Charles Evans played halfback and safety at a college few people have heard of, then carved out an NFL career in a role that often went unnoticed in Minnesota, especially among last season's star-studded cast of offensive weapons.
Seven years of steady effort ultimately brought Evans to Baltimore, where he became the Ravens' new fullback yesterday by signing a three-year, $3 million contract.
The addition of Evans, 6 feet 1, 243 pounds, marks the first piece in the puzzle that eventually will become the Ravens' new offense. It also kept Evans together with coach Brian Billick, who worked with Evans throughout his years with the Vikings before taking his first head coaching job in Baltimore.
Evans, who collected an $800,000 signing bonus, said Billick's offensive mind was a major factor in his decision to change teams for the first time since the Vikings drafted him in the 11th round in 1992 out of Clark Atlanta University, a Division II school.
The chance to become a more active contributor to the offense also influenced Evans, 31, to come east. In Minnesota, Evans was an effective blocker for the likes of running backs Robert Smith and Leroy Hoard and quarterback Randall Cunningham.
He also barely touched the ball. During his career, which began with a rookie season on the Minnesota practice squad, Evans has rushed 118 times for 364 yards and four touchdowns, and has caught 78 passes for 531 yards and one touchdown.
Evans also has never fumbled, and has been the picture of durability. He has played in 69 consecutive games, dating to the beginning of the 1995 season.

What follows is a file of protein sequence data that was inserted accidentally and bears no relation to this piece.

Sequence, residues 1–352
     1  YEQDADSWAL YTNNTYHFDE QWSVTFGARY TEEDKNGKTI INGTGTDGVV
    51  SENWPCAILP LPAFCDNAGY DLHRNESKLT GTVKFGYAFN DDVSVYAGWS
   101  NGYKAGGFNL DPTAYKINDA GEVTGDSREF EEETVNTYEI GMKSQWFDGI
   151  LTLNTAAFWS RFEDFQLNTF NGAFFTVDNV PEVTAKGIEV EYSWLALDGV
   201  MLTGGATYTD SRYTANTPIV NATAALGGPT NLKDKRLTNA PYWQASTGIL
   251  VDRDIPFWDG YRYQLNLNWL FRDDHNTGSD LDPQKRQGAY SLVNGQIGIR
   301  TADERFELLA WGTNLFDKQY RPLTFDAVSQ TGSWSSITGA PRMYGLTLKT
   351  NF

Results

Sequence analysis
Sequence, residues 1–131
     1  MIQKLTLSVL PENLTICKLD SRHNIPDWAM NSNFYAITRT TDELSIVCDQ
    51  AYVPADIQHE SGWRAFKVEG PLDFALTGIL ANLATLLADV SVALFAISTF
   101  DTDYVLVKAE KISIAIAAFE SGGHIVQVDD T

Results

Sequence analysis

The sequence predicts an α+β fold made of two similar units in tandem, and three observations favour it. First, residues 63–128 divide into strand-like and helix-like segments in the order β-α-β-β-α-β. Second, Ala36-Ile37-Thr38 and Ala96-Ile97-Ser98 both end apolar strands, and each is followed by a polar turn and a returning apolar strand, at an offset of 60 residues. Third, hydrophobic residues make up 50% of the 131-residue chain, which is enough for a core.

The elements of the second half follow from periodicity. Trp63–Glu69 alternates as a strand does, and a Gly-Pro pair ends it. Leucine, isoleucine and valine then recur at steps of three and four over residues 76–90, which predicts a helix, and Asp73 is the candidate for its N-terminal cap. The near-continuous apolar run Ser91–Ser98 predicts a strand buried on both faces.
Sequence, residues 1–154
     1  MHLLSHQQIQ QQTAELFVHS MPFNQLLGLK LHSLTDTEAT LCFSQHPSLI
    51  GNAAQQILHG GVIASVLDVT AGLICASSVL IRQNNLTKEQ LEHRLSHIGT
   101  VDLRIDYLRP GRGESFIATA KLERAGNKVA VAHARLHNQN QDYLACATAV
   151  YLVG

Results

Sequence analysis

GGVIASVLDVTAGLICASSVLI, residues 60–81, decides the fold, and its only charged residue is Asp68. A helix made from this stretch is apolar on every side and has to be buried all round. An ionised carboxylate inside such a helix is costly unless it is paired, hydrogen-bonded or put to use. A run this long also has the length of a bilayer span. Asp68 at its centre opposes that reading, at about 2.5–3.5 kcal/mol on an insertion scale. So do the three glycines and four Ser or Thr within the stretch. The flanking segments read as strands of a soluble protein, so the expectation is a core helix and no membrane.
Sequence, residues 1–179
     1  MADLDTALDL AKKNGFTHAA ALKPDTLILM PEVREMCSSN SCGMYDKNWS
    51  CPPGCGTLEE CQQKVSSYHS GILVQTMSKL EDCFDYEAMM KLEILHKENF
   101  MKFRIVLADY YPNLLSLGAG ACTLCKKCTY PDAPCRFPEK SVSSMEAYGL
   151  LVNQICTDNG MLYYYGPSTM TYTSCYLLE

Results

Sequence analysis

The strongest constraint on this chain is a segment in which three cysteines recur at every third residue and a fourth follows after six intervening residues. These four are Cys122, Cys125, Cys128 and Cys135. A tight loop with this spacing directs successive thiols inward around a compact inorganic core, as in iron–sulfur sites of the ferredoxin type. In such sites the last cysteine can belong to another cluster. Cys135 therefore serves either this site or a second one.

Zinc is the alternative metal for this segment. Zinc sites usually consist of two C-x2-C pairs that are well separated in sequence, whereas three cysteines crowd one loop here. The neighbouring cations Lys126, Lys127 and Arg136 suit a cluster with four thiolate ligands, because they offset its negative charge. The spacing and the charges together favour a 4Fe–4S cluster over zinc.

"It helps that Brian is here and I know his system. I like to hit the ground running. This is going to be to my advantage," Evans said. "It's kind of a win-win situation.
"I know my first role is to block. I also think I'm a talented running back, and Brian is going to give me more of a chance to do that. We had so many stars in Minnesota. [The Ravens] have a heck of a good defense. Brian is an offensive mind. If we can get a little more offense going, we can be a contender."
Last year, the 6-10 Ravens ranked 26th in the NFL in total offense, averaged just 16.8 points a game, and were last in the league in first downs and red-zone offense.
A major problem in their attack was the ineffective blocking of fullback Roosevelt Potts, one of the Ravens' bigger free-agent busts of 1998.
Billick feels that problem is behind him.
"There are a number of things Chuck brings, [starting with] the fact that he's a multidimensional player," Billick said of Evans. "He's an outstanding blocker, a solid receiver out of the backfield, a good route runner and an excellent runner.
"He didn't get enough opportunities to carry the ball [in Minnesota], but that's going to change here. He brings immediate knowledge of the system, and he was one of the best [blockers] in the league in Minnesota. He's a great value for us."
Evans left Clark Atlanta as a halfback, having rushed for 1,365 yards and 22 touchdowns over his final two seasons. He also played some safety there, collecting two interceptions.
After drafting him, the Vikings told Evans he would need to hone his blocking skills and convert to fullback. A year later, they drafted Smith in the first round out of Ohio State, ensuring Evans' future role as a lead blocker.
"I had to learn how to block. It was a drastic move," Evans said. "When I got drafted, the only thing I had going for me was that I work hard. Nowadays, I think I'm just as good as anybody. Hard work pays off."
NOTES: The Ravens also signed free-agent offensive lineman Chris Harrison, and re-signed wide receiver Mike Bowman, fullback Rob Robertson, wide receiver Phil Savoy and fullback Ben Snell. Harrison, an undrafted free agent in Detroit, played for the Lions in 1996 and 1997, then spent last year on Minnesota's practice roster. Robertson spent last year on the Ravens' injured reserve list, and Bowman and Savoy spent part of 1998 on the Ravens' practice squad. Snell was waived by the Ravens in training camp last year.
Pub Date: 2/17/99